Dynamo Sophie Conway is back fitter and hungrier to succeed than ever after overcoming a ruptured ACL that wiped out her 2019 season.

Conway is no stranger to fighting through adversity – losing her mum to brain cancer in 2017 - so it comes as no surprise how positive she is about the upcoming season.

Speaking to womens.afl, the 20-year-old said it hadn't been all smooth sailing, but she'd made the best of a bad situation and now wouldn't change a thing.

"There was a lot of ups and downs (through rehab)," Conway said.

"Anyone that has been through it will know. You've just got to find a way and battle through it.

"The work's not going to do itself."

Conway was a revelation for the Lions in 2018, kicking five goals from her six games and showing a creative flair well beyond her then teenage years.

She won a Rising Star nomination during the season and the last time she played at the highest level, Conway was kicking the first goal of the Grand Final against the Western Bulldogs.

However, disaster struck three months later, rupturing her ACL at training, sending her on an emotional rollercoaster that included visits to a psychologist.

"I did keep to myself a little bit," Conway said. 

"I don't like putting burdens on anyone else. It sounds bad, but that's the type of person I am.

"Twelve months before I'd lost my mum.

"Once it all came crashing down and I was in bed for six to eight weeks (post-surgery) thinking, your brain ticks over quite a bit.

"I can't thank dad enough, he dealt with me with every emotion possible. One minute I was happy and the next minute I was down in the dumps, he was always there to pick me back up."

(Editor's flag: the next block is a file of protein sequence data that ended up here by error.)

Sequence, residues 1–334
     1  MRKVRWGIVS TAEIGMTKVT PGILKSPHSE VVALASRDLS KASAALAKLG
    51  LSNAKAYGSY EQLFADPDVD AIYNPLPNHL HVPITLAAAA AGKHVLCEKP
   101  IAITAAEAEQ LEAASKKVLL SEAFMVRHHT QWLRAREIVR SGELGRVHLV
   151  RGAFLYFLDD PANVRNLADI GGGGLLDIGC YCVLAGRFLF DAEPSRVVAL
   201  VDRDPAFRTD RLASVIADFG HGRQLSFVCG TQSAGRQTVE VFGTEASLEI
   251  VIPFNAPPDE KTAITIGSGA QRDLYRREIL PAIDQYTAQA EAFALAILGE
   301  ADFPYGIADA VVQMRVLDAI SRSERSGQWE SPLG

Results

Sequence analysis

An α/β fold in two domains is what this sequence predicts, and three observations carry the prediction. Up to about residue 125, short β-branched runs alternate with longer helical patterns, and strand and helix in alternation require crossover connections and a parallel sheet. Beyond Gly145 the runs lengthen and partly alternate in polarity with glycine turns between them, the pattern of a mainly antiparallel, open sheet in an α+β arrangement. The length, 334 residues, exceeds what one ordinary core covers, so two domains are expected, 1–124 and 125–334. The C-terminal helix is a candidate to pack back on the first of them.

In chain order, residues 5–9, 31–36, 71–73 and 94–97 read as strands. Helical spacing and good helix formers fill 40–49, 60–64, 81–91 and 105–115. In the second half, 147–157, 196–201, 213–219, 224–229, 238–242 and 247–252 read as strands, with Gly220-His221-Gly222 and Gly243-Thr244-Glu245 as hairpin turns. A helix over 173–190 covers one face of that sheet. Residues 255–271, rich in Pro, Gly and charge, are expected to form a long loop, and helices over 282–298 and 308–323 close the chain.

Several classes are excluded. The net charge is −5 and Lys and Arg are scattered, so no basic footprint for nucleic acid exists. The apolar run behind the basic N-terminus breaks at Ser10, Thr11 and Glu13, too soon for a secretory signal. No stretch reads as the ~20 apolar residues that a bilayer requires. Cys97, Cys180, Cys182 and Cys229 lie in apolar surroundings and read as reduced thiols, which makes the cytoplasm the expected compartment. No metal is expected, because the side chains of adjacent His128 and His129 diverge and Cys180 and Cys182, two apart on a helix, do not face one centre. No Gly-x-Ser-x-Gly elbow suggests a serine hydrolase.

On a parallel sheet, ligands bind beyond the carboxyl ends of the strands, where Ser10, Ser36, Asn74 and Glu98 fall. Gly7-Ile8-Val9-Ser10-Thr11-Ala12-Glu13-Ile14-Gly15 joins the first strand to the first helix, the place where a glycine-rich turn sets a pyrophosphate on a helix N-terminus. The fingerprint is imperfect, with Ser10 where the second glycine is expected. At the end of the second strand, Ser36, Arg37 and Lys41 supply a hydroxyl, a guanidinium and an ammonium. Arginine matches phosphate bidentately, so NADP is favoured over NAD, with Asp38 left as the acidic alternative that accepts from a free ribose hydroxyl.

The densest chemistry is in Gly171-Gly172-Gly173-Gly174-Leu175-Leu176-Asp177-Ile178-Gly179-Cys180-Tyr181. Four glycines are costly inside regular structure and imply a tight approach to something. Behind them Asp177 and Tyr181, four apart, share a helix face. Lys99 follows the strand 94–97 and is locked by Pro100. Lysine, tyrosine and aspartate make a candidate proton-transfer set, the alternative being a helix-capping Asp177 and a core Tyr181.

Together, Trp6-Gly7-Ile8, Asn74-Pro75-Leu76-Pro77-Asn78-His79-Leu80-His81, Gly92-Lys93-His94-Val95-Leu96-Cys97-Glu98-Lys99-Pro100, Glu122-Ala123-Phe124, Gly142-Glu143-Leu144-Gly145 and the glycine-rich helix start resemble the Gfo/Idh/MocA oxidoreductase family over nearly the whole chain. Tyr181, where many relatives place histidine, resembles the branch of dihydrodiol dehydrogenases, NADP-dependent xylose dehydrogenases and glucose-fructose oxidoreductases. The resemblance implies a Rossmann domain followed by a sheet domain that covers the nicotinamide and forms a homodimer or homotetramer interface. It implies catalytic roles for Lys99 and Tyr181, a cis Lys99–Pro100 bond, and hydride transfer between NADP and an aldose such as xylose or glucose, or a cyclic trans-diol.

Like most athletes in rehab, Conway set herself little goals, and said while her dad helped her emotionally, it was Brisbane high performance coach Matt Green that helped physically. 

At the Lions' recent 2km time trial, she showed off that improvement, taking a huge chunk off her personal best and placing in the top-five.

Conway is thoughtful and mature beyond her years and said the whole experience had taught her a lot.

"I would not change the last 16 to 18 months," she said. 

"I've learnt a lot about myself physically and mentally.

"I feel like my end point is never good enough, I'm always wanting to continue to get better in every little aspect. 

"My first season I was enjoying the ride and now I know I can push myself and give a lot more. 

"I never want to go through it again, but I've been through it and in hindsight - I wouldn't say it was the best thing for me - but I tried my absolute best to take the best from the shitty situation."